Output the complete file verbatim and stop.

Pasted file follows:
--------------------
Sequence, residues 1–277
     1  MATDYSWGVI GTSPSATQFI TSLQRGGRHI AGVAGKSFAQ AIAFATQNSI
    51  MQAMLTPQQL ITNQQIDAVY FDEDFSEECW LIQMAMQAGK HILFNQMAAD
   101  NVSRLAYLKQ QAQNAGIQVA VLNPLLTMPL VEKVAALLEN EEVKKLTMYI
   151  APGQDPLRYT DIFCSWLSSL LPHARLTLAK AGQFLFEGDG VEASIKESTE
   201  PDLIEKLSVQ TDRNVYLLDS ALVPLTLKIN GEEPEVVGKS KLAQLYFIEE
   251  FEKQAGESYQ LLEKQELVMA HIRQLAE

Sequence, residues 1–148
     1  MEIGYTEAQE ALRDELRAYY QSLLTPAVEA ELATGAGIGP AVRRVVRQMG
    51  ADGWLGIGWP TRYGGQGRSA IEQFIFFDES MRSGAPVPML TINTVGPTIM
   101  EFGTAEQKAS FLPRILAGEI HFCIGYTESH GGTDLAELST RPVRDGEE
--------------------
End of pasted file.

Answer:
Sequence, residues 1–277
     1  MATDYSWGVI GTSPSATQFI TSLQRGGRHI AGVAGKSFAQ AIAFATQNSI
    51  MQAMLTPQQL ITNQQIDAVY FDEDFSEECW LIQMAMQAGK HILFNQMAAD
   101  NVSRLAYLKQ QAQNAGIQVA VLNPLLTMPL VEKVAALLEN EEVKKLTMYI
   151  APGQDPLRYT DIFCSWLSSL LPHARLTLAK AGQFLFEGDG VEASIKESTE
   201  PDLIEKLSVQ TDRNVYLLDS ALVPLTLKIN GEEPEVVGKS KLAQLYFIEE
   251  FEKQAGESYQ LLEKQELVMA HIRQLAE

Sequence, residues 1–148
     1  MEIGYTEAQE ALRDELRAYY QSLLTPAVEA ELATGAGIGP AVRRVVRQMG
    51  ADGWLGIGWP TRYGGQGRSA IEQFIFFDES MRSGAPVPML TINTVGPTIM
   101  EFGTAEQKAS FLPRILAGEI HFCIGYTESH GGTDLAELST RPVRDGEE